Tag Archives: quick

Simplicity 1810 | Paint Splattered Silk Dress

21 May

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Hi, y’all! Do you remember me showing you this dress in my Me Made May roundup? I promised to tell you more about it so here goes:

 

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The pattern is Simplicity 1810, a wardrobe pattern with pieces for a dress, top, and pants. I made the knee-length dress.

I was attracted to this pattern first of all because it looked really easy but also because of the cute yoke and pleat details at the shoulder. I also like the way the waist ties originate from the back darts, ensuring the back of the dress lays smoothly without a bunch of awkward gathers.

 

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I didn’t make a muslin of this pattern but I did do a really shoddy tissue fitting on my dressform. I cut a size medium and shortened the bodice by 1/2″, took in 1/2″ swayback adjustment, then added 3/4″ back over the hip to account for my booty. It ends up, I probably should’ve only added 1/4″ here but oh well.

 

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I followed the directions exactly as written with the addition of French seams for the side seams and topstitching on the waist ties.

 

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My fabric is a luscious silk crepe de chine with a paint splattered print. I picked it up from Sawyer Brook with a simple dress like this in mind.

 

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As I also mentioned in my MMM post, I rushed to finish this dress to wear to see the Molly Ringwalds. I thought the fabric fit the 80s music theme pretty well. There was some serious Project Runway-style stress going on in my house that evening, and we were *only* 1.5 hours late because of my dress 🙂

If you have been holding this pattern in your stash like I was, pull it out and whip up a dress or top — it only took me about 4-5 hours total.

 

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Thanks for reading and I’ll be back tomorrow with an exciting new make for you!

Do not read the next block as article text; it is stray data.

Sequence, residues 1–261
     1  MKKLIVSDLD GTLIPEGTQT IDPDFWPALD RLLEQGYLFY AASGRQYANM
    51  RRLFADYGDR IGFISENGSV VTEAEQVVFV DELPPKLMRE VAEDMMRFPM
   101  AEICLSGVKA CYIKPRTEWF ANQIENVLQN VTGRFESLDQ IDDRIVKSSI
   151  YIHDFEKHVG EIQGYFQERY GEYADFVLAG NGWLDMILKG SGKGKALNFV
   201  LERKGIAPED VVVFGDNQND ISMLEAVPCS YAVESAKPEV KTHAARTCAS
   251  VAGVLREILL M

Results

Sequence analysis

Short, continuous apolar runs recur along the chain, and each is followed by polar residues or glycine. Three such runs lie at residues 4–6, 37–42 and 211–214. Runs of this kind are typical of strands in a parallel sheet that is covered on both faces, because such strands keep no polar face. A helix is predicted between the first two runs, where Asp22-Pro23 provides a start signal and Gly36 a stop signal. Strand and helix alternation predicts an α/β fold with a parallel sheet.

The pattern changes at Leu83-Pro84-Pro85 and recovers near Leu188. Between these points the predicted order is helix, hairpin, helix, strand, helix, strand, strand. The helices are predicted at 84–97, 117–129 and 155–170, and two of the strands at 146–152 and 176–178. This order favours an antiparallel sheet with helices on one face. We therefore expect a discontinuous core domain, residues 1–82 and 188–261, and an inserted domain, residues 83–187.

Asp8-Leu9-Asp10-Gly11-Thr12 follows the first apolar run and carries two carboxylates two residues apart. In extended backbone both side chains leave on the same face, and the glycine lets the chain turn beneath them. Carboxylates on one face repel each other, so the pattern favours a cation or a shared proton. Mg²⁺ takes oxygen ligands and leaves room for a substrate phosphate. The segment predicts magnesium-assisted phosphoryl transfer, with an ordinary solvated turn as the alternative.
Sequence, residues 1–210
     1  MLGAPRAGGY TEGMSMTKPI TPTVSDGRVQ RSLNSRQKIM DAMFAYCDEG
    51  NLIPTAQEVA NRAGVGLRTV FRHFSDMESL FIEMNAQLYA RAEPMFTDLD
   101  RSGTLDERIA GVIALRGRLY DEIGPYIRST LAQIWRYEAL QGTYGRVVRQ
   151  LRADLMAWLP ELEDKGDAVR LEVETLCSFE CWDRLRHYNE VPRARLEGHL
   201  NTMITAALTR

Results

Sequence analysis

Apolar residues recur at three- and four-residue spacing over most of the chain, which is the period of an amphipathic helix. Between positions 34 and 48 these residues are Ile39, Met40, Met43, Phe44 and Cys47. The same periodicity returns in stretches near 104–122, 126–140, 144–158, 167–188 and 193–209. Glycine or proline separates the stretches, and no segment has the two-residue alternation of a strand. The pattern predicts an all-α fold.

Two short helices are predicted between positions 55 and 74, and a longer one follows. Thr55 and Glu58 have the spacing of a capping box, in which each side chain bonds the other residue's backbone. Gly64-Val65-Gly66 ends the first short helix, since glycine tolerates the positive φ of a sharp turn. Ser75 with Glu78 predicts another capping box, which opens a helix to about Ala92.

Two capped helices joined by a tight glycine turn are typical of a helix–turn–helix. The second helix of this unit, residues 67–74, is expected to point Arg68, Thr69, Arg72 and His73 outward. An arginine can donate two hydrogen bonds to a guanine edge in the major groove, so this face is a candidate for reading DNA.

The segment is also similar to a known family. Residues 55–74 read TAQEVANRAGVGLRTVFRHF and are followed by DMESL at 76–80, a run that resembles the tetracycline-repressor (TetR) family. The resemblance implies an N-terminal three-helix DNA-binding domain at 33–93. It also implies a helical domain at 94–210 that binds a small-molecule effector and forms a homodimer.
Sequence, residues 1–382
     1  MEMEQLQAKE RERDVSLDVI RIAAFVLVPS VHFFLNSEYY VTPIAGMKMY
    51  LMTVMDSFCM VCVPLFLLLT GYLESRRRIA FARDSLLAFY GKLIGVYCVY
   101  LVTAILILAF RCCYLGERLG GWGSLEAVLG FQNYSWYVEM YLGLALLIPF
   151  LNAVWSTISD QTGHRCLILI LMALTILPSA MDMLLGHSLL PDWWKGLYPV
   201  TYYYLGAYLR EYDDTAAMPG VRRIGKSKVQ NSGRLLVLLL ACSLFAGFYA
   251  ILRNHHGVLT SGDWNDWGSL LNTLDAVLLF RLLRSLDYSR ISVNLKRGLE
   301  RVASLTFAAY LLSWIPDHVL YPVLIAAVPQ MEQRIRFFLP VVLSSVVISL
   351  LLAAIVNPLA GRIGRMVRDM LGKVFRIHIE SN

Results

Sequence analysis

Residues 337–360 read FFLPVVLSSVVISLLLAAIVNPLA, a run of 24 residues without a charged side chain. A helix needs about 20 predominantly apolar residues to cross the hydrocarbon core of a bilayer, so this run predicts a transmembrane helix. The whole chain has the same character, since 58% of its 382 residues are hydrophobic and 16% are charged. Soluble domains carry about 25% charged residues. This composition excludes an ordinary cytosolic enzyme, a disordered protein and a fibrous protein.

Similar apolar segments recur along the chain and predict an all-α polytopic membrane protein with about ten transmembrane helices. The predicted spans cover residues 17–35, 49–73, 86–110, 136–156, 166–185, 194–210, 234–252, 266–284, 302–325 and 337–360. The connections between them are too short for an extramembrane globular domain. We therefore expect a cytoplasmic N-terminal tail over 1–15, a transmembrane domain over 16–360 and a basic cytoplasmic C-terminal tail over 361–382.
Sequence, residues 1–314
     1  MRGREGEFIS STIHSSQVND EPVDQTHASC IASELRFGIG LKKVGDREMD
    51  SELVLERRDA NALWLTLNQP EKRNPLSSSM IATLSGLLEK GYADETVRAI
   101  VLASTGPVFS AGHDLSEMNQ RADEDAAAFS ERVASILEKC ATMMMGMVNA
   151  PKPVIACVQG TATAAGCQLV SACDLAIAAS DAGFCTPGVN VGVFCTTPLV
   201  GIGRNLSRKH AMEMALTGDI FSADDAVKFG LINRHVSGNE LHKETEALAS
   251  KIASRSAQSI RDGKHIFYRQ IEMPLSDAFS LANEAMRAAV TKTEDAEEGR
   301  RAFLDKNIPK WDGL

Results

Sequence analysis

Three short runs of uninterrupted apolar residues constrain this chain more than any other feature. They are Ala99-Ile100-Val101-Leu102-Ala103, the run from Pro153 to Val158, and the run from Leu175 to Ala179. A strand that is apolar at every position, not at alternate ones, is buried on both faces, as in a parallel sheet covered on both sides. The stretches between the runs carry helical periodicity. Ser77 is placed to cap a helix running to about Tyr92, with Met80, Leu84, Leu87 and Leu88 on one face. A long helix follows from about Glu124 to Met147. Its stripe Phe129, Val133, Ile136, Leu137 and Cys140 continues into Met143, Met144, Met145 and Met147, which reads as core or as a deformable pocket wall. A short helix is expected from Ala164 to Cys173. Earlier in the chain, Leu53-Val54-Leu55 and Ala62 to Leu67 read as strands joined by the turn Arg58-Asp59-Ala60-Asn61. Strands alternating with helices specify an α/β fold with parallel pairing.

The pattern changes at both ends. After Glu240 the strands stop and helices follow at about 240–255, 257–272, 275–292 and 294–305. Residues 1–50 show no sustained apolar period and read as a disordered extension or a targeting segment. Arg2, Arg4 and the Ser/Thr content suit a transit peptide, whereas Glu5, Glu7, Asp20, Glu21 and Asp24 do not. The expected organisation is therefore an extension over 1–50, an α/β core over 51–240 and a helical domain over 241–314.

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Oven-Roasted Bacon

5 Mar

Or, the only bacon I can cook without burning…

Me cooking bacon had become a joke in our house — it always ended up burned no matter the method I employed. Enter the oven-roasting technique. Now my bacon cooking is no longer a laughing  matter. Instead it is a finger-licking, lip-smacking matter. My husband may never fry bacon in the skillet again, either.

The method is great because it yields consistent results, practically no mess, and — the best part — flat bacon slices!

To get started, line a baking sheet with foil, making sure to completely cover the pan. This step ensures clean up takes about two seconds.

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Next, lay your bacon flat and not overlapping on the baking sheet. We like Wright’s Hickory Smoked Bacon, but you can use your favorite.

Put the sheet in the oven on the center rack and shut the door. Turn the oven on and heat to 400 degrees (you do not have to preheat). At the same time, set your timer for 18 minutes.

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When the time is up, check the bacon. It should be sizzling and just starting to brown/curl around the edges. If it’s not, give it a few more minutes but watch it closely.

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If it is, take it out and transfer the bacon slices to a plate lined with paper towels to absorb the excess oil. Cool briefly then chow down.

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To clean up, drain your bacon grease into a small cup or bowl if you want to save it for future recipes; discard it if not. Next, carefully peel the foil off the pan and throw it in the trash.

Now sit down to your delicious breakfast. And stay tuned, I have another breakfast delicacy coming your way soon!

Adapted from this recipe.

McCall’s 6559 Again — Poster City

2 Mar

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Hello, again! Are you shocked by my three posts in as many days? Can I just tell you what a backlog of things I have to share — both food and sewing related. But I digress…

This dress is the first installment in my “resort collection,” or the things I sewed up to go on a cruise at the beginning of February (a total of 5 things).

You have seen me in this pattern before but in the maxi length version.

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I made only minor adjustments to this version beyond what I made in the last one — only widened the back armhole to normal instead of racer-style, raised the neckline 1″, and took another 1/2″ out for a swayback adjustment and added it back in over my derriere to keep the hem level. I also trimmed the seam allowances down to 1/4″ to make it easier to serge.